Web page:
* Applicants invited to submit sharia business plan
* Winner will get salaried apprenticeship
By Anjuli Davies
LONDON, May 17 (Reuters) - Islamic finance is on the hunt for an apprentice.
Dome Advisory, an international sharia advisory firm is launching a nationwide search for talented students at UK universities who can come up with a business plan or research idea that will aid the development of Islamic finance.
“I want the best brains...We need new blood in the industry and they don’t have to be Muslim,” Sheikh Bilal Khan, sharia scholar and non-executive director at London-based Dome said.
“I’m doing the Apprentice basically,” he added.
The Apprentice is a reality television show, popular in the UK and the United States, in which aspiring young people compete to win a well-paid apprenticeship with successful business magnates - Alan Sugar in the UK version and Donald Trump in the U.S.
With Islamic finance a $1 trillion industry globally - and expected by Deutsche Bank to nearly double by 2016 - students of sharia have more opportunities than before to take their skills beyond the mosque doors and into the boardroom.
But discovering young and fresh talent is seen by some in the industry as one of its biggest stumbling blocks, with no standard career paths and a shortage of financially literate scholars, seen as gatekeepers to the industry.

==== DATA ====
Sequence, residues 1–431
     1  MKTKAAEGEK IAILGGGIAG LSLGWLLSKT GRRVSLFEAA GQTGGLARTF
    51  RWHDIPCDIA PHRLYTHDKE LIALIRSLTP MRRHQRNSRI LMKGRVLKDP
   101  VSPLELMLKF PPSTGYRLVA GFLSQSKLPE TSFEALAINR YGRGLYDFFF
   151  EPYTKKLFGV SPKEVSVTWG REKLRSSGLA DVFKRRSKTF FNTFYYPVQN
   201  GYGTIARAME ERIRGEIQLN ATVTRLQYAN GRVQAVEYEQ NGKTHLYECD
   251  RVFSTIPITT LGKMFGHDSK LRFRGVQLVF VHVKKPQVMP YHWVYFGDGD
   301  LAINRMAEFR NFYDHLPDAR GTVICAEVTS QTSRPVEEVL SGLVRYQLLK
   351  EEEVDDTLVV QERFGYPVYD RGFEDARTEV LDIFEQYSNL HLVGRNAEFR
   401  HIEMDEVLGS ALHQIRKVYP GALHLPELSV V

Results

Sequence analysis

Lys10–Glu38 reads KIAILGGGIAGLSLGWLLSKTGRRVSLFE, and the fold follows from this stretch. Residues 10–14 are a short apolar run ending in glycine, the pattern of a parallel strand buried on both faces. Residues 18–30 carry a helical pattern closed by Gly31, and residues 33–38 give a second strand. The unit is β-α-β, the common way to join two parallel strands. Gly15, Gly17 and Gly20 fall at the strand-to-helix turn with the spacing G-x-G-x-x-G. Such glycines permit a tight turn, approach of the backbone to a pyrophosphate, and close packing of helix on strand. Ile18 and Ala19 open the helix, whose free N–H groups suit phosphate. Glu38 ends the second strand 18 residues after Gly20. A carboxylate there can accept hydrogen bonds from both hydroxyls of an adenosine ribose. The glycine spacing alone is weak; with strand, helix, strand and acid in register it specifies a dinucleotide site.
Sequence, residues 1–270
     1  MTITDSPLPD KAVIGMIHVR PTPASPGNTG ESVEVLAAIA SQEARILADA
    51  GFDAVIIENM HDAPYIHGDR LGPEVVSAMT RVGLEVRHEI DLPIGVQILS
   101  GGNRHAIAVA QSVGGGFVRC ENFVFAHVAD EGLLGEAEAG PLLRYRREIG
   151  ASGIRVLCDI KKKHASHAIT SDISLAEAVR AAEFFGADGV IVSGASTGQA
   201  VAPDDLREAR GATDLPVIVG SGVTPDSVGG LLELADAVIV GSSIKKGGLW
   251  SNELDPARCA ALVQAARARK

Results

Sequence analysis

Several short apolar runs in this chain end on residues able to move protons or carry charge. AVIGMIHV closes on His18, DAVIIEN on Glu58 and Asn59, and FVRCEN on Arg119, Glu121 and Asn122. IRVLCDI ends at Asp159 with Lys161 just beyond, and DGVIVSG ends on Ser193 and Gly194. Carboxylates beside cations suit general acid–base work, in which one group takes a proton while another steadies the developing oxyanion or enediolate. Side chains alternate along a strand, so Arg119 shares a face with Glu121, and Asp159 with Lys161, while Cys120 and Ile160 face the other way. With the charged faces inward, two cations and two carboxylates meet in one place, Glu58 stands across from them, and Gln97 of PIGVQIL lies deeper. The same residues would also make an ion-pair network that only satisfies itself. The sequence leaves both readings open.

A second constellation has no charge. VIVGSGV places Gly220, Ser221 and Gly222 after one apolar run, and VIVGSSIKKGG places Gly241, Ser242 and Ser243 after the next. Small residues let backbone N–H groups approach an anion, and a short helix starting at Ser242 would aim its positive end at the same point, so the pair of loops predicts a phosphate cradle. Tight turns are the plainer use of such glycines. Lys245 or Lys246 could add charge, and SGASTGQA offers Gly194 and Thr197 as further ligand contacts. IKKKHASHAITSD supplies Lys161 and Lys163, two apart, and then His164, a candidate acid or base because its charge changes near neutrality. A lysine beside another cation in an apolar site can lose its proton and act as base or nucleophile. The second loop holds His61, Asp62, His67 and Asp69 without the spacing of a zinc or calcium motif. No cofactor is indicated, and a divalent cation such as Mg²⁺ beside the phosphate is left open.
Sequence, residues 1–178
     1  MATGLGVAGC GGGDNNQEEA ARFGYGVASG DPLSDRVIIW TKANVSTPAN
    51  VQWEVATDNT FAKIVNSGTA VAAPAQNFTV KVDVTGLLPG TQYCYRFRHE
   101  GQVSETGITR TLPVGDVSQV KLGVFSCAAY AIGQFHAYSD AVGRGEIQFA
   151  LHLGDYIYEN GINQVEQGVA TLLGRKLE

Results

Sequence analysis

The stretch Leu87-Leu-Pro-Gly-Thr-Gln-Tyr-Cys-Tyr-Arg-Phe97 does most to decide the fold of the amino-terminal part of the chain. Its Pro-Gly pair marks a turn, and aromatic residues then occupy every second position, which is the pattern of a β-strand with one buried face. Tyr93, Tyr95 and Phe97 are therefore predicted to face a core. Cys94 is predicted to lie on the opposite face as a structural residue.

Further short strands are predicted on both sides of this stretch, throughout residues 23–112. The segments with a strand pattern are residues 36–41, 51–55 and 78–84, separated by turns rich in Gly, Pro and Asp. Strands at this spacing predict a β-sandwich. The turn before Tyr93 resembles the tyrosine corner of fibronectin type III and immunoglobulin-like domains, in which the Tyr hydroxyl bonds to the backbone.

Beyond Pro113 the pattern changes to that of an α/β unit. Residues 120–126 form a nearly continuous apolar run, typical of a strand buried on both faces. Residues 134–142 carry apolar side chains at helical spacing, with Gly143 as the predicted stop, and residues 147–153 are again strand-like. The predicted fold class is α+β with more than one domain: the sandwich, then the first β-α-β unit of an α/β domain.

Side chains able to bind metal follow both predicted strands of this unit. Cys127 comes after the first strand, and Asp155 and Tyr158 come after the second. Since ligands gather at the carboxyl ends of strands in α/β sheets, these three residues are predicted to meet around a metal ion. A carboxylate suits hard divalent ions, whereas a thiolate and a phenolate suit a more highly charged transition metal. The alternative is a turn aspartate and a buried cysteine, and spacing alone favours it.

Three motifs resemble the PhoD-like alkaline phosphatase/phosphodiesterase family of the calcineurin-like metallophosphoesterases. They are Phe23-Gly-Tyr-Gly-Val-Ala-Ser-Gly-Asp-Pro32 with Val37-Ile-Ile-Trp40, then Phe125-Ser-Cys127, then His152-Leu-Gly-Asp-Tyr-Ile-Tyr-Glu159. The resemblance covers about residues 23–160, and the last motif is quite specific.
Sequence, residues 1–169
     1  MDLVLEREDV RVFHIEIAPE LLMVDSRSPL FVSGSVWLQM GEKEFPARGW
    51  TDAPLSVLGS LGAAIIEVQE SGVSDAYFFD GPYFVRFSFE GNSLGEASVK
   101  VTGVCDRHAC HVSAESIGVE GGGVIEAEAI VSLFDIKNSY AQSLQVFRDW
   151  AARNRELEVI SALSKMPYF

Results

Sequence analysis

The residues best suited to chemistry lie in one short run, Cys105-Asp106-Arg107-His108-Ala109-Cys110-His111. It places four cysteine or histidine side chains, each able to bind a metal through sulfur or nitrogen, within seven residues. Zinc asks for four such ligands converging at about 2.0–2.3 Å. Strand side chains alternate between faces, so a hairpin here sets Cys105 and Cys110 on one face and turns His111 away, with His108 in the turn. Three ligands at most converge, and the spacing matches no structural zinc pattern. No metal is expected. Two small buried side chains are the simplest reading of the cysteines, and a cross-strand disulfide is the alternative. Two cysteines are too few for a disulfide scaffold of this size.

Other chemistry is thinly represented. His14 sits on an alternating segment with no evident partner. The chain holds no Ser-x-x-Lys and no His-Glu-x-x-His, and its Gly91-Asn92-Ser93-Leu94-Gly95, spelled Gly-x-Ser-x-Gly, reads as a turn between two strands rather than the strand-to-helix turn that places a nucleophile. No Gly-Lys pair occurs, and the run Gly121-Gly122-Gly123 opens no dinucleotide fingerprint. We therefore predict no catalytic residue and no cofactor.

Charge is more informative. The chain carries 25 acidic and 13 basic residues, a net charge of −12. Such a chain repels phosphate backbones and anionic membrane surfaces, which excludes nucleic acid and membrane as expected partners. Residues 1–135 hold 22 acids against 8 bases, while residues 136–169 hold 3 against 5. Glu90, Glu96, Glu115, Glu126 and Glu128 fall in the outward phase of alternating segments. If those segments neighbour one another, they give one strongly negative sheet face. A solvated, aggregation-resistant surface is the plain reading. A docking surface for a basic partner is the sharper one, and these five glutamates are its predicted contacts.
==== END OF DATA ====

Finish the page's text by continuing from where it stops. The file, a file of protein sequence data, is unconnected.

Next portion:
Knowledge of sharia law is undoubtedly essential in the industry, but other skills such as business acumen, technology and language skills are also seen as relevant.
Product development activity is returning to levels seen before the global financial crisis, ranging from complex structured products to new sectors such as the environment.
“The criteria for me is simple: it has to be cutting edge stuff, it has to be environmentally sustainable and socially responsible,” said Khan.
Applicants don’t need to have any specialist background in Islamic finance nor any religious alignments and their idea can span any sector from healthcare to the environment as long as it promotes sharia-compliant activities.
Islamic finance complies with religious principles, which includes a ban on interest and activities such as speculation and gambling.
The winner will be given a salaried position at Dome to develop their idea as well as gain experience of Islamic finance.
“Talent doesn’t have a religion, talent doesn’t have a race or a background, talent could be anywhere,” said Khan. (Reporting By Anjuli Davies; Additional reporting by Bernardo Vizcaino; Editing by Erica Billingham)